Employers focus on measuring worker productivity
According to the Wall Street Journal...
"Employers are using more aggressive technology to measure how staff spend their time. Twenty-two per cent of employers based in Europe and North America say they collect employee-movement data, 17% collect work-computer usage data, 13% collect employee fitness data and 7% monitor the content of employee emails, according to a 2018 Gartner survey.
Ellyn Shook, chief leadership and human resources officer at Accenture, says mining workplace data “can really tap into sources of growth and improve productivity,” but cautions "it can also be a minefield” if not used responsibly. Brian Kropp, chief of human resources research for Gartner, thinks so-called “nudge” technology can help boost productivity but says reliable conclusions from the data can be difficult to discern.
The Wall Street Journal further looks at how employers are mining the data their workers generate "to figure out what they’re up to, and with whom." US pharmaceutical wholesaler McKesson worked with people analytics firm TrustSphere last year to find out why some teams had higher turnover. Data on the sender, recipient and timing of over 130m emails, but not message content, from more than 20,000 US employees was analysed. “The beauty of what we’re getting out of this is information to make our teams function better,” said R.J. Milnor, vice president, workforce planning and analytics at McKesson."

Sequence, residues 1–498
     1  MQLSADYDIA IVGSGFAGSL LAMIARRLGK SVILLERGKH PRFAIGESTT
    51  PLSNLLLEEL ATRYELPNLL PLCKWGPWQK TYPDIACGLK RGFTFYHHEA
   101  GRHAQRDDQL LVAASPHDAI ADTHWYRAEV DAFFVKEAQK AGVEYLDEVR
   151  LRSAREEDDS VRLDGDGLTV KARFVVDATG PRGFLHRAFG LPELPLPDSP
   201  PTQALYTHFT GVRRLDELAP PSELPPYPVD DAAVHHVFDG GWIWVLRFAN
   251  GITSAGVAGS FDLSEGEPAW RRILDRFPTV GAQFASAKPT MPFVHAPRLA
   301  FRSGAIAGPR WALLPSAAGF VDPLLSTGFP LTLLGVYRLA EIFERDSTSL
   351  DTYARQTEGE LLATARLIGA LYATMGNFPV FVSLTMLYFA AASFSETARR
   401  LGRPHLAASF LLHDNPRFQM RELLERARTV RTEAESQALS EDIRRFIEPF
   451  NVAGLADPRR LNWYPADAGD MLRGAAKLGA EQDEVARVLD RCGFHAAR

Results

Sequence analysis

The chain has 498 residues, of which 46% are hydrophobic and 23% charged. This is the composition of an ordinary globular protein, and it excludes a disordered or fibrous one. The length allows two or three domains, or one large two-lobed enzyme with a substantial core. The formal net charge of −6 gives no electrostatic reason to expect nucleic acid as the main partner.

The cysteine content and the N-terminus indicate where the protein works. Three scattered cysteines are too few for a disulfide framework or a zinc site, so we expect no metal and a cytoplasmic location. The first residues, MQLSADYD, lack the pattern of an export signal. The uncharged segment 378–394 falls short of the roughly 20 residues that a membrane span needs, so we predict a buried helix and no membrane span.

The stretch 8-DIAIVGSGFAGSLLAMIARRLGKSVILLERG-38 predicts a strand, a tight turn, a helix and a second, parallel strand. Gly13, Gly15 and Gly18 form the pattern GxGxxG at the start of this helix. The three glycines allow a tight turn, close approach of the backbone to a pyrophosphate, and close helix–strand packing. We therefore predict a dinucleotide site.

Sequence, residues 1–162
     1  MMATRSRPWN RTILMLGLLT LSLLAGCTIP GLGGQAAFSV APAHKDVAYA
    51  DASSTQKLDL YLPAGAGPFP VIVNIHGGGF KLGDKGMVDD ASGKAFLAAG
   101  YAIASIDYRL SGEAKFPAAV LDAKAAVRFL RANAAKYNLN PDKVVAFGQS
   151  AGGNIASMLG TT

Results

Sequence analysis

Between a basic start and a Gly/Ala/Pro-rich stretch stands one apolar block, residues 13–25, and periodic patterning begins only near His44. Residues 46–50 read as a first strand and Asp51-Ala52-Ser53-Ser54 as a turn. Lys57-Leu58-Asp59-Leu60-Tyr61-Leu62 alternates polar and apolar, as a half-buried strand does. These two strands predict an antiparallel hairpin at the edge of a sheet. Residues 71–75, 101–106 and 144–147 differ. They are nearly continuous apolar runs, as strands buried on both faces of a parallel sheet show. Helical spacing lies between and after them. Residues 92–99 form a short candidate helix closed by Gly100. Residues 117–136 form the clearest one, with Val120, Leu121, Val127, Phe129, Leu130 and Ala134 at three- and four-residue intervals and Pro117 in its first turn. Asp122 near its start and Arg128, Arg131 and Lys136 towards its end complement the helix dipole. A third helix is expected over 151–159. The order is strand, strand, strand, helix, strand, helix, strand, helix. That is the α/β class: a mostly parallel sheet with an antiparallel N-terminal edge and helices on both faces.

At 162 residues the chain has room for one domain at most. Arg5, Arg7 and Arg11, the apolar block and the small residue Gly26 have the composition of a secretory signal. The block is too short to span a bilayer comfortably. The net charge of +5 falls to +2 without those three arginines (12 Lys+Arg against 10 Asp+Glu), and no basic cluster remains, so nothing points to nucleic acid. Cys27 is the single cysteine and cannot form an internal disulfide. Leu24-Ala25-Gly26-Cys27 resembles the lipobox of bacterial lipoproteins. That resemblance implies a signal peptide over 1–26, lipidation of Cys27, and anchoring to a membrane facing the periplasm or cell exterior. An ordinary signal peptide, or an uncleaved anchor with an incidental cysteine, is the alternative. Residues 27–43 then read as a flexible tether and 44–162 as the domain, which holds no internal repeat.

Geoff Booth from Oxen Park does not doubt if you look long enough at this data you’ll find correlations. “If you torture data long enough it will confess to anything” - Ronald Coase Nobel Prize winning Economist.
However, he says he’s yet to see to longitudinal research that proves causation. Measuring activity, or worst still where employees spend time, is not measuring outcomes with commercial value (his definition of productivity).
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